Why diets suck

As a word, ‘diet’ simply means what we eat. But it has come to mean something else.  It has come to mean following an eating plan with a view to losing weight.

We announce that we are ‘on a diet’ to ourselves or to others.

Well of course we are.  We are all on a diet, even if it is made up of Pot Noodles and Big Mac Meals and Prosecco.

But with the more regularly understood definition of the word in mind, I am going to say….. diets suck.

Diets suck for lots of reasons.

First up, as soon as we think we are on a diet we feel deprived and want to eat ALL OF THE THINGS.

Second. Many of them aren’t long term sustainable in terms of having an actual life.

Thirdly, however they are dressed up, they are only telling us what we already know.

Whether you follow Weight Watches, Slimming World or the Body Coach, it all amounts to the same thing, right at the very core of it. Eat less crap, move about more.

We need to reclaim the word ‘diet’. A diet is what we eat.  Some are healthy and some are less so.  My diet recently has not been good enough.  I have not been eating according to my goals.  I don’t need to follow a plan to know this.  I know that if, like last week, we ate out several times and consumed a fair amount of wine along the way, the scales will tell their own story come Monday morning.

If you want to lose weight, create a calorie deficit. That is what every diet plan is fundamentally all about.  Whether you are actually counting calories or not, it’s about energy in versus energy out.  When you check out a class or a programme or a magazine article, there is no magic formula contained within.  At the core of it will be more fruit and veg and protein and water.  Less (unhealthy) fat and sugar in whichever guise it appears.  More exercise and movement.

So my suggestion is don’t ‘go on a diet’ if you want to lose weight. Just improve the one that you already have.


Delayed gratification v immediate cake

I am fascinated by the way our minds work. Especially when it comes to weight loss and fitness.  A few years ago, I made such a change to my approach and mindset that I lost six stone and got really quite fit, fit for someone who couldn’t walk up a few flights of stairs previously at least.

I thought I would never go back. That it was hard wired in me.  But that turned out not to be the case.

One of my lessons along the way has been this one.

Successful weight loss is about the ability to delay gratification.

If you ask many overweight people whether they want to lose weight, they will say yes. I certainly did, for all of those years that I was obese.  Why then, is it so hard?  Because really all you have to do is eat fewer calories.  An over simplification?  Maybe, but only a little.

But there is a disconnect. If you want to lose weight, they why is it so hard to do the simple thing that would enable it: resist poor food choices?

In my opinion, it’s all about timing. Weight loss takes a long time, especially when you have a lot of weight to go.  Cake is immediate.  So is chocolate.  And wine.  And crisps, and take-aways and all of the nice things.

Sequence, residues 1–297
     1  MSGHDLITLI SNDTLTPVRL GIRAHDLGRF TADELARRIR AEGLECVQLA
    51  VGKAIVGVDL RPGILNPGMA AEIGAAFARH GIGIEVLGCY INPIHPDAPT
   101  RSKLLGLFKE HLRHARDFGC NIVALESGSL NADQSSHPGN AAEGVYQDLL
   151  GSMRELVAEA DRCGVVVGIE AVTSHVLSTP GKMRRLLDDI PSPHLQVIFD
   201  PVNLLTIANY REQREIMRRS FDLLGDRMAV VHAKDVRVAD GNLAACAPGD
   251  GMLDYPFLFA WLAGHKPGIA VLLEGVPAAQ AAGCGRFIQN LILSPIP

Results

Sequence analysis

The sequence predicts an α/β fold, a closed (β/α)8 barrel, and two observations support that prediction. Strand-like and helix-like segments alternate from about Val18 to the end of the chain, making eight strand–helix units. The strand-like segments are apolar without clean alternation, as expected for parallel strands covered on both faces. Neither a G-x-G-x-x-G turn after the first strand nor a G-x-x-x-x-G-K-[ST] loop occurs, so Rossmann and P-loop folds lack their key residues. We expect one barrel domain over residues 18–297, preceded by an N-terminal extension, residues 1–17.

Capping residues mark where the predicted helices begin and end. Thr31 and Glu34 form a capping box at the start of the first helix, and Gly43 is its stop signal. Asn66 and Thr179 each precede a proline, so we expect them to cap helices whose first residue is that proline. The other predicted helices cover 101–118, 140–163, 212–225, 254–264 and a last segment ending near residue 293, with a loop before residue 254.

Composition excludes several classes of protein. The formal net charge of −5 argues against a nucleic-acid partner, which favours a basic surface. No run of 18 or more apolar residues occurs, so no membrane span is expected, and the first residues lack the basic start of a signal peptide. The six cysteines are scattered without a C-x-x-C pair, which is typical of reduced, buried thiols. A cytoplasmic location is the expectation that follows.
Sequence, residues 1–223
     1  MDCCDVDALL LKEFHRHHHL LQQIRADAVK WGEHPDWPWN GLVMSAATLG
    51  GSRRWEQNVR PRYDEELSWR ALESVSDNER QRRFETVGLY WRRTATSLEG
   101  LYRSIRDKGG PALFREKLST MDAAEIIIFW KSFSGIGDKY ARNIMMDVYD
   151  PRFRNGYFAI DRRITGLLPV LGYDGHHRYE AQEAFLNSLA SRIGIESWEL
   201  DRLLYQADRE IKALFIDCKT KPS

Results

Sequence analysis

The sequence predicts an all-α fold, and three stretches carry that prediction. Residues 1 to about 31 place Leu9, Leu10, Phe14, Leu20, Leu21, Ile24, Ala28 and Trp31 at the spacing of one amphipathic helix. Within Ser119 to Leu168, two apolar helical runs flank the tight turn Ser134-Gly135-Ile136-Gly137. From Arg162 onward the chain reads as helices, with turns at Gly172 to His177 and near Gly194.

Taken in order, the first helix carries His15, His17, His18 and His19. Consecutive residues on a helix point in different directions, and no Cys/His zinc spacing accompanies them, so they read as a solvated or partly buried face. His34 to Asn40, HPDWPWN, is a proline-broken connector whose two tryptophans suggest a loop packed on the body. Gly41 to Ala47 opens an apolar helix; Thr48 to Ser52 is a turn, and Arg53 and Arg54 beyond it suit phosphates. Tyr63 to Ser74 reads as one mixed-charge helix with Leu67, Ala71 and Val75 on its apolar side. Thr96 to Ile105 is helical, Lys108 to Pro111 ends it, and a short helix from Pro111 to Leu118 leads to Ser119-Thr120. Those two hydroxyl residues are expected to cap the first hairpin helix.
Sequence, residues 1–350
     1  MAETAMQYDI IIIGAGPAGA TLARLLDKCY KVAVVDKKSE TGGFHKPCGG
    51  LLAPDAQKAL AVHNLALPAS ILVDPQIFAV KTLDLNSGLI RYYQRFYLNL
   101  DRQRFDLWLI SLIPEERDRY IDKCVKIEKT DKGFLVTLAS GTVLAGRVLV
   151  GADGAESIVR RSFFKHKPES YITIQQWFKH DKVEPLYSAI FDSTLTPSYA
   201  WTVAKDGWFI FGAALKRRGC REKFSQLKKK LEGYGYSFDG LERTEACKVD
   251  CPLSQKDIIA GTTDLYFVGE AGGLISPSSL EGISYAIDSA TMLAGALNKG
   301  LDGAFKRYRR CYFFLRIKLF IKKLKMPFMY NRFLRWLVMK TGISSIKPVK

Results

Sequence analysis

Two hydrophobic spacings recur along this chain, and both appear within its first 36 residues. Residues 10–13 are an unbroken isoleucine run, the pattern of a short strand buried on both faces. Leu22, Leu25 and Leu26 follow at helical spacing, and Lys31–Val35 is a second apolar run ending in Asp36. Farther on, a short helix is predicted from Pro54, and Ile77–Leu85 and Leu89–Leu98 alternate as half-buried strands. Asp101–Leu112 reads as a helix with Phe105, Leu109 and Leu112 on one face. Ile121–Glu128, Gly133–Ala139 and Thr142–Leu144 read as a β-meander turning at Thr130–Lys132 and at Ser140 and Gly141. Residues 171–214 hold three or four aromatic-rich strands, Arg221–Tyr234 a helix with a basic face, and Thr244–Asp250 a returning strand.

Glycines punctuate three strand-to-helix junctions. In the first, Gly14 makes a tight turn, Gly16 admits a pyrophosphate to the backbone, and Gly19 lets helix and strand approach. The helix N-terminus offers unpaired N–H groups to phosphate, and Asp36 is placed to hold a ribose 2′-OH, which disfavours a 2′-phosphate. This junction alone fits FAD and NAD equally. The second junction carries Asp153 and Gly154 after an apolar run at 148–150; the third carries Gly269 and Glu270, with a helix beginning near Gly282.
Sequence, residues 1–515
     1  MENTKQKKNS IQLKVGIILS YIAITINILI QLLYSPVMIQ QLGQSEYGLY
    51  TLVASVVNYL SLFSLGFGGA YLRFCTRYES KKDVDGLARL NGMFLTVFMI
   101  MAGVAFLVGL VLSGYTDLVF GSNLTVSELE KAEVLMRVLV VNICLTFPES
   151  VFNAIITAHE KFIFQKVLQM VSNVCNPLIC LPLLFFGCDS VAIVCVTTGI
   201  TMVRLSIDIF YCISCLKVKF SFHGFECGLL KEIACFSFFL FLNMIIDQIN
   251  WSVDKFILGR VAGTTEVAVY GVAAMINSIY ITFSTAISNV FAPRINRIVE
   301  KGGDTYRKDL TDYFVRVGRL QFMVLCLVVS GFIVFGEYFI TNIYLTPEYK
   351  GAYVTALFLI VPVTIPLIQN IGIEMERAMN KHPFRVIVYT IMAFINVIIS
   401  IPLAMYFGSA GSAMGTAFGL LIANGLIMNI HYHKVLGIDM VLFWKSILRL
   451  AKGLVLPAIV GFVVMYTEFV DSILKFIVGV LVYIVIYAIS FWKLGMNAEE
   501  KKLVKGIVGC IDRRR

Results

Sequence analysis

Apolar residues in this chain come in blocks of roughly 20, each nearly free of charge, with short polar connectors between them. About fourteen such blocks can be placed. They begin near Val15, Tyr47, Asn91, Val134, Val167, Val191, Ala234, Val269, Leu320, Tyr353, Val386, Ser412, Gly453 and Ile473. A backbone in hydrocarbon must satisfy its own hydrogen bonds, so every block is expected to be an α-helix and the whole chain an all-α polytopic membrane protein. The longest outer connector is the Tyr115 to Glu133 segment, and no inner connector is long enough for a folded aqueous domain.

If we stopped to think before we made the choice, we probably want the weight loss more than that individual piece of cake. But you can have the cake right now. The weight loss….. it’s abstract. It’s in the possible future.  It is too hard to equate one with the other.

You may be familiar with the leading experiment in delayed gratification at Stanford University. Researchers gave children a treat*.  They were told if they could resist eating it for a little while, they could have two treats.  Left alone, some children managed to resist and hold out for the greater long term reward.  Others just scoffed the first one.  Long term analysis of the group showed that those that were able to wait had better life outcomes in many ways….. including BMI.

No surprise to me.

I’d have been in the first group. Because one little treat can’t hurt.  Especially if it is right in front of me.

Until there are many of them, of course.

There are a few ‘secrets’ to weight loss. None of them come from a celebrity or a revolutionary new diet.  One of them is about shifting our thinking.  If we can focus ourselves sufficiently on the long term, on the bigger goal, on what we want most of all, then maybe we can resist the cake in front of us, right now.


*It was a marshmallow.  Now I want a marshmallow.

Thinking about exercise

The way you think about exercise is important. The framing of it in your own mind can be the key to doing it, or not doing it.

Take yesterday. I was working from home.  For me, this means I don’t have to spend two and a half hours commuting, time I usually spend on doing life stuff.  Yesterday, this meant washing, ironing, cleaning, cooking and the like.  By 8.30am yesterday I had a sparkling bathroom, washing on the line, and my OH had some crisp shirts for the rest of the week.  After then doing my contractual duties to my employer, I sorted the Tesco shop, did a nursery run, emptied the bins, cooked the tea and washed up.

So when it got to 7pm last night, frankly, the last thing that I wanted to do was exercise.

Two things made me go. First of all, I had set myself a target for the week. If I hadn’t gone, I wouldn’t be letting down anyone but me.

Second, I decided it was my me time. All of the other stuff in the day was for someone else.  Bosses, trade unions reps, colleagues, family.  Exercise is when I get to be selfish.  Exercise is when I get a few moments to think about nothing but the sounds of the road, the next rotation of my bike wheel, my breath.

10K later, I was, as always, glad I had gone.

If you make exercise a chore in your mind, you will never appreciate it. You will never want to do it for its own sake. If you find your very own reason for doing it, reframe it from a must do to a want to do, it is ever easier to walk out the door

The Women’s Magazine Weight Loss Story Formula

I love a women’s magazine. Not the glossy ones full of adverts and expensive handbags.  Not the ones with worthy articles.  I love the real life versions.